Eating too much refined sugar leads to weight gain. For years we’ve been told that eating fat makes us fat. And it is convincing that fat we eat = fat in the body, but that’s not exactly how the body works. Now I’m not saying gorge on fats because eating too much fat has its own inherent health issues. Yet, we do need some healthy fats in our diet. You don’t need to fear all fats.
If dietary fat was the cause of the current obesity epidemic it would’ve been solved back in the 1980s with the whole low-fat craze. Right? Wrong! Instead, we’ve gained even more weight in the last 30 years. According to recent Statistics Canada reports, almost two-thirds of Canadian adults are overweight or obese (Statistics Canada, 2014). That’s staggering to say the least! How is this possible? A major factor is the increasing amount of added sugars in packaged foods and beverages (even those labelled as “healthy”, like energy bars and flavoured yogurt). This started in the 1980s when food manufacturers took out the fat from their products and substituted it with sugar to make the products palatable. Even though the low-fat obsession has now passed, we’ve developed a sugar habit.
Crash Course on How Excess Sugar Causes Weight Gain
First, all calories we ingest don’t have the same impact on our weight and metabolism. Counting calories doesn’t work because it’s the type of calorie versus the number of calories consumed that matters. For example, there are more calories in half an avocado versus a Tim Hortons Timbit. Nonetheless, eating Timbits on a regular basis will have more of an effect on your waistline compared to eating more avocadoes.
Refined sugars are empty calories because they provide little or no nutritional value. When we consume these “free” sugars, they enter the bloodstream fast because it doesn’t take much for the body to break them down into their constituent glucose and fructose molecules. This causes a spike in our blood sugar levels, which then causes insulin levels to rise. If the sugar is not quickly used for energy (and with the amounts of sugar we can consume in one serving of some packaged foods and beverages it’s almost impossible to do so), insulin removes it from our bloodstream. The liver can then store it as glycogen for later energy use or it gets converted into triglycerides in the liver if the glycogen stores are full. These triglycerides can then be stored as body fat.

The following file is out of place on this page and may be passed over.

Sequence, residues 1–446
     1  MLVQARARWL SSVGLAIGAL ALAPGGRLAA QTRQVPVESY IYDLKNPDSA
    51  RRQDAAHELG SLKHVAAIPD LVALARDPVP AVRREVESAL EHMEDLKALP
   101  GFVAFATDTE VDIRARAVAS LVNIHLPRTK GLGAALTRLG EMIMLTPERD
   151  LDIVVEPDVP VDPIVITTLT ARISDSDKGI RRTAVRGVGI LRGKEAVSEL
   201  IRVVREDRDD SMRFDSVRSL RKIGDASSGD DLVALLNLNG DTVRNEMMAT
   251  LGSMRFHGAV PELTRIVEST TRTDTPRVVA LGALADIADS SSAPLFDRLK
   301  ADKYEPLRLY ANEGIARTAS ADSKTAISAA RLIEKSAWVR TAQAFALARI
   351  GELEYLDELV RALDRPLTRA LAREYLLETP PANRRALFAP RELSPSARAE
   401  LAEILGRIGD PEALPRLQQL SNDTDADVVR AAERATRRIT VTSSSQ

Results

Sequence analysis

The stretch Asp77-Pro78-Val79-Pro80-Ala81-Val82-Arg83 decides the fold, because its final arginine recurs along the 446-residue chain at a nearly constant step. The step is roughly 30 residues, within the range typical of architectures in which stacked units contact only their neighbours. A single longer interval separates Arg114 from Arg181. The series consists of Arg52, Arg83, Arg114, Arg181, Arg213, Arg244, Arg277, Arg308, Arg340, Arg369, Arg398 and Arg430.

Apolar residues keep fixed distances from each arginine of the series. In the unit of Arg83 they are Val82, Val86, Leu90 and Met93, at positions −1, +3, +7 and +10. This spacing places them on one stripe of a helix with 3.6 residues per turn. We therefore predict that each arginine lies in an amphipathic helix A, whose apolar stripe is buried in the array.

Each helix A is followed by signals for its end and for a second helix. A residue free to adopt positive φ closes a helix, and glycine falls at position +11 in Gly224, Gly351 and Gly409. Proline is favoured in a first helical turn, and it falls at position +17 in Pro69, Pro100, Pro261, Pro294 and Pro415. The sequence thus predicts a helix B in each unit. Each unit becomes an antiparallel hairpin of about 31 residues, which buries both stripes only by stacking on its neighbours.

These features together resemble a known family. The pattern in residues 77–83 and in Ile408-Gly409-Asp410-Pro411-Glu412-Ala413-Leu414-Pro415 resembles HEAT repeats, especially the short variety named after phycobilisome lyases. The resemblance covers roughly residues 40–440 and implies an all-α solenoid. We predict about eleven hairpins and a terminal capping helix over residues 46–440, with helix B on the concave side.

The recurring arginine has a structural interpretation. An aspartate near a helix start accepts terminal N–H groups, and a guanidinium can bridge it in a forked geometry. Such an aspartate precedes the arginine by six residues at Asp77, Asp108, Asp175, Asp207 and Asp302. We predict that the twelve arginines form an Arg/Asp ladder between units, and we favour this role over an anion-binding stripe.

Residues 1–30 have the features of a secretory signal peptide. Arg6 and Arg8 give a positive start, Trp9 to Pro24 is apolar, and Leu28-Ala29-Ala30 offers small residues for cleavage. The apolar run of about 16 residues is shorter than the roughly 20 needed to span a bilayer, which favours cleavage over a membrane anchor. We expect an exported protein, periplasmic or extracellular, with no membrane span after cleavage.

With overconsumption of added sugars over an extended period of time, the glycogen stores remain constantly full. You simple can’t burn it all off fast enough. Inevitably, all that extra sugar turns into body fat.
Bottom line is…
You may be overwhelmed by this or are still in doubt about how much sugar is too much. With so much information out there and conflicting reports on the subject any confusion is understandable. Bottom line is less sugar is better for everyone. All major health authorities agree on this point at least. So, you don’t have to be overweight to experience the health benefits of reducing your sugar intake. Don’t take my word for it, try it out for yourself to see. I’m here to support you in resetting your sugar-addled taste buds if you need it (click to book a personal nutritional coaching session or email me at firstname.lastname@example.org). Also, with my grocery store shop-along service, I can guide you on how to navigate the supermarket aisles in order to steer clear of the many products that needlessly contain sugar (including certain mustard products!).
There’s also a neat infographic by Dr. Mark Hyman from the Cleveland Clinic Center for Functional Medicine showing why sugar is the real culprit behind weight gain. Check it out here: https://health.clevelandclinic.org/2016/02/sugar-vs-fat-which-is-worse-for-weight-gain/
Also, I highly recommend the book The Case Against Sugar by Gary Taubes. It is a well-researched book that investigates why sugar (sucrose and high-fructose corn syrup) is the prime suspect in both the diabetes and obesity epidemics in North America.
I’d love to know what you think about this post. Share your comments below!
Senate of Canada. March 2016. “Obesity in Canada: A Whole-of-Society Approach for a Healthier Canada.” Report of the Standing Senate Committee on Social Affairs, Science and Technology. <http://publications.gc.ca/collections/collection_2016/sen/yc17-0/YC17-0-421-2-eng.pdf>.
Statistics Canada. 2014. "Overweight and Obese Adults (Self-Reported)." Statistics Canada Catalogue no. 82-625-X. Ottawa, Ontario. Last updated November 27, 2015. Accessed July 5, 2017.